In Cold Blood by Truman Capote ****1/2
A Passage to India by E.M. Forster **** 1/2
The Name of the Rose by Umberto Eco ****
Lady Chatterley's Lover by D.H. Lawrence ****
The Information by Martin Amis ****
Flow My Tears, the Policeman Said by Philip K. Dick ***
The Maltese Falcon by Dashiell Hammett ***
None to Accompany Me by Nadine Gordimer ***
Darkness at Noon by Arthur Koestler ***
The Naked and the Dead by Norman Mailer **
Fear of Flying by Erica Jong **
Cuba and the Night by Pico Iyer *
Naked Lunch by William S. Burroughs *

OK, second half of the alphabet! Bring it on!

Monday, July 14, 2008

War is over (whether or not you want it)

now finished: The Naked and the Dead by Norman Mailer

Well, I'm done! I know, that was fast, right? It was a long 'un (721 pages) but it moved quickly and it wasn't tiny, crammed type or anything. It just kind of moved along, like a mass market book would. (Notice how the blogger has learned to be careful about slighting genre fiction...)

So in the end it wasn't just about war. It was also about the soldiers fighting the war. And that really was all it was about, but he did pull it off, I think. You get to know the men in the platoon, and as you go along they each get a flashback dropped somewhere in the hundreds of pages, in which you learn about their pre-war lives, which illuminates their war selves, and it's pretty interesting. I will say that I did totally care about what was going to happen at the end, so that's a good book, I guess.

As I read it I could see how ol' Norman "burst onto the scene" with this, in 1948, half a century before Saving Private Ryan and still a few decades from Apocalypse Now. But i was starting to seriously question how Mailer came to be known as one of the greatest writers of the 20th century, if not the greatest. Maybe when I read The Executioner's Song I'll feel differently. (And I will read that; it won a Pulitzer, after all.)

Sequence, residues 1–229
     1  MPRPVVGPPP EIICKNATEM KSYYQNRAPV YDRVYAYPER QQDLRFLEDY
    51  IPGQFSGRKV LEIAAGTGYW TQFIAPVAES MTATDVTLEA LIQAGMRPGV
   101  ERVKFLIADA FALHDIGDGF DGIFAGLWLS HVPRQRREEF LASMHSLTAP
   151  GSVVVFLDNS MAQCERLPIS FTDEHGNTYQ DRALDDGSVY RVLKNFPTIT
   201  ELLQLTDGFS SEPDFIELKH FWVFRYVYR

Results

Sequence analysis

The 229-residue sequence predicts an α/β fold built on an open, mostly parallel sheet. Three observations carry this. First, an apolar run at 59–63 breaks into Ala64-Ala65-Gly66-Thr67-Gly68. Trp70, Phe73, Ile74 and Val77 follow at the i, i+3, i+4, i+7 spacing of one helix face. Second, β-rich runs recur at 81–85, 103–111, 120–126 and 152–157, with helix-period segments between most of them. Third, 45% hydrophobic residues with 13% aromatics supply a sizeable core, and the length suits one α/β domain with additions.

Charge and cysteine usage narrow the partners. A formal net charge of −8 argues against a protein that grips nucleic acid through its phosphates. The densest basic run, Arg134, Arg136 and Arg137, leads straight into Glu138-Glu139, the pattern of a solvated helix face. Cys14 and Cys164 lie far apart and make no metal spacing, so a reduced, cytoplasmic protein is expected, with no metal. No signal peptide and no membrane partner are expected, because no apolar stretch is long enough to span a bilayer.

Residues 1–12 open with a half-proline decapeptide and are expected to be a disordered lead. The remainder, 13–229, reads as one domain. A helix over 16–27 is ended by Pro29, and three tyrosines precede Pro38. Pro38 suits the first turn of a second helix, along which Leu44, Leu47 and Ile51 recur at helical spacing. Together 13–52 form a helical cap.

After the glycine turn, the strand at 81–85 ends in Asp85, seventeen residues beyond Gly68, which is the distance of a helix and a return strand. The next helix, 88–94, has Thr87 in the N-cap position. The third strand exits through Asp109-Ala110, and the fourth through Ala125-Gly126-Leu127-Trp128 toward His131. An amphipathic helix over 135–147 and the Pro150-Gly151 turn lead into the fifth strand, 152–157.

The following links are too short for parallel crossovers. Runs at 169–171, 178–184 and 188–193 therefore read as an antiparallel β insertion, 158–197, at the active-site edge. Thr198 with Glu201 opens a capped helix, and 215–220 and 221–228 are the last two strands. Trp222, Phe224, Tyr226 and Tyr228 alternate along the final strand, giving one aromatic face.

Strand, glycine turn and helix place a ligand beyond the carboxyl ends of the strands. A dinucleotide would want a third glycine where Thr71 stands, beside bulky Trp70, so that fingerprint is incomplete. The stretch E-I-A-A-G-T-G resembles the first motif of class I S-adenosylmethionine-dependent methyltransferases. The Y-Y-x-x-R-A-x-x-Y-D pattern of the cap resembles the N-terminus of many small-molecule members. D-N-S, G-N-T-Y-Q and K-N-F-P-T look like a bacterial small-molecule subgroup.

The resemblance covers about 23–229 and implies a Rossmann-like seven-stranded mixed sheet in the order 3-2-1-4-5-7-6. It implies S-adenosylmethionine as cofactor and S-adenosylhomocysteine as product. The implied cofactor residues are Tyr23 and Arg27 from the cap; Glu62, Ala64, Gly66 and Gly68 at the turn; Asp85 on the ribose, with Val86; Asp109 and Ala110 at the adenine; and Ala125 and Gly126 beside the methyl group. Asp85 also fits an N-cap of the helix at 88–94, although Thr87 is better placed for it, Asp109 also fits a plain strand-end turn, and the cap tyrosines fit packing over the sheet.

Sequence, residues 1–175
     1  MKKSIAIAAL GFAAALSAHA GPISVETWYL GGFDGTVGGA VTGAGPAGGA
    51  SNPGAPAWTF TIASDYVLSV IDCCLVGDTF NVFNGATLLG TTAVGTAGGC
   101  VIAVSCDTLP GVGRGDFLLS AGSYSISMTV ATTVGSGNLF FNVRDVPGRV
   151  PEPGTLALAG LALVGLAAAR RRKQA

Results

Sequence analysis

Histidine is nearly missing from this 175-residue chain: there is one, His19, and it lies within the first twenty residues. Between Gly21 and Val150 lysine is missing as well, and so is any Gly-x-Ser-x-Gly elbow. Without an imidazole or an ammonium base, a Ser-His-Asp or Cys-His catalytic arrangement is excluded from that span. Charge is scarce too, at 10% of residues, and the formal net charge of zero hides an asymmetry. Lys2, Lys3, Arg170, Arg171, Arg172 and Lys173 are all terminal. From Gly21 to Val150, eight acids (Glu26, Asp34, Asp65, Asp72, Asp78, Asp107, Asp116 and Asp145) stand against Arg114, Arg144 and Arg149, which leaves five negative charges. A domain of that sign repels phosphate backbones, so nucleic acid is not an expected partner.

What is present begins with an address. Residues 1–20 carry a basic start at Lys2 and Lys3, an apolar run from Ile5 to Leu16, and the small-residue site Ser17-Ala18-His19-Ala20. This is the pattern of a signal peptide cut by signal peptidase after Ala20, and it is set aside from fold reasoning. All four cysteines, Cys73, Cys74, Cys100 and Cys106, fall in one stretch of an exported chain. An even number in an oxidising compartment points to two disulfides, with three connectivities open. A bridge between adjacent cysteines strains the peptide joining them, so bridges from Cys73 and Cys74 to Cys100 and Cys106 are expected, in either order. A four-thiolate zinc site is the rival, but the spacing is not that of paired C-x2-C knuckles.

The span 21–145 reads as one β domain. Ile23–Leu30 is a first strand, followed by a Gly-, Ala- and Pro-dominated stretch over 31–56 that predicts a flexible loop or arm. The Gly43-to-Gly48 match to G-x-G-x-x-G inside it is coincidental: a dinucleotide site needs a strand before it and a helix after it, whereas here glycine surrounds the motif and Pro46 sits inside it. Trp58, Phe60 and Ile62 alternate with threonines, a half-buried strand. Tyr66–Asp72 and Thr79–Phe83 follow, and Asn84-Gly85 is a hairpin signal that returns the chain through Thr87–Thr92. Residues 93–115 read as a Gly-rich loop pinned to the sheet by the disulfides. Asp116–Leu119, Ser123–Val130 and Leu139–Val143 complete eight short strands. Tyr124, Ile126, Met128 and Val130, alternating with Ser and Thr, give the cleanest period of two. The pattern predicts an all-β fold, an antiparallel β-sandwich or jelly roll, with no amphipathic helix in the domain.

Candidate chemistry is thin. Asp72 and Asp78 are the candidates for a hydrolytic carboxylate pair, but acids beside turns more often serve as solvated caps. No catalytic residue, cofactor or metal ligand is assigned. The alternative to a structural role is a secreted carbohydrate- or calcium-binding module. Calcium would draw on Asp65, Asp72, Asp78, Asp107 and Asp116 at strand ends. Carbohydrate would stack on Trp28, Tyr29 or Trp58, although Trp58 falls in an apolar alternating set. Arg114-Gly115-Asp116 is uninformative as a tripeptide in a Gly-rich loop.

In the end he concocts this powerfully symbolic trek -- two actually, both the mountain climb and the carrying of jackass Wilson on a stretcher -- and he really brings it all together nicely.

But I just didn't have too much to say about it. It was, well, you know: about war.

Maybe tomorrow I'll share some thoughts on the pages I folded down that contained political ideas.

Meanwhile, 'N' has long been settled when Brian (who is sometimes a participant in this project) put in an early plug for Frank Norris' McTeague. Sorry, V.S. and Anais. But the question is, should 'O' be Kenzaburo Oe or John O'Hara? And if Oe, which Oe?

Next up, a ranking of the books read so far...

Monday, July 07, 2008

War vs. Buddha

now taking a break from: The Naked and the Dead by Norman Mailer
now reading: Stealing Buddha's Dinner by Bich Minh Nguyen

Don't worry, I'm totally going to finish the 700-pager about war. I think. I'm just pausing because we were sitting around Brian's parents' living room and they had Stealing Buddha's Dinner on the shelf there and it had already intrigued me when I touched it at Borders a while back and then I picked it up and it's about a girl who immigrated from Vietnam as a baby and she grew up in Grand Rapids and she's my age so reading her memoir is like reading my own childhood as far as what happened in 1984 and how I felt about it and it's the perfect book to read on one's last day in Grand Rapids since it all takes place here and so that's why.

Of note: Mr. Mailer himself notes in the introduction to the 50th anniversary edition that The Naked and the Dead now strikes him as amateurish when he looks back. (Or, I should say, when he wrote that intro -- who knows how things strike him now, wherever he is, hanging out with George Carlin or whatever.)

As for my little Buddha book, it's not about Buddha at all except for the awesome bits where this 7-year-old Vietnamese-American girl blithely and matter-of-factly shuts down her uber-Christian friends playing in the backyards of Grand Rapids as they ramble on about being saved and she's like, "Whatever, Christianity!"

You know I'm not the biggest memoir fan, but I'm glad I dipped into this one. It's something about the my-age thing, too, of course.

I'm sure I'll return to The Naked and the Dead soon enough. Did I mention it's about war?

Friday, July 04, 2008

What I think so far

NOW READING: The Naked and the Dead by Norman Mailer

It's about war.

Wednesday, July 02, 2008

Twaddling bossy impudence

now finished: Lady Chatterley's Lover by D.H. Lawrence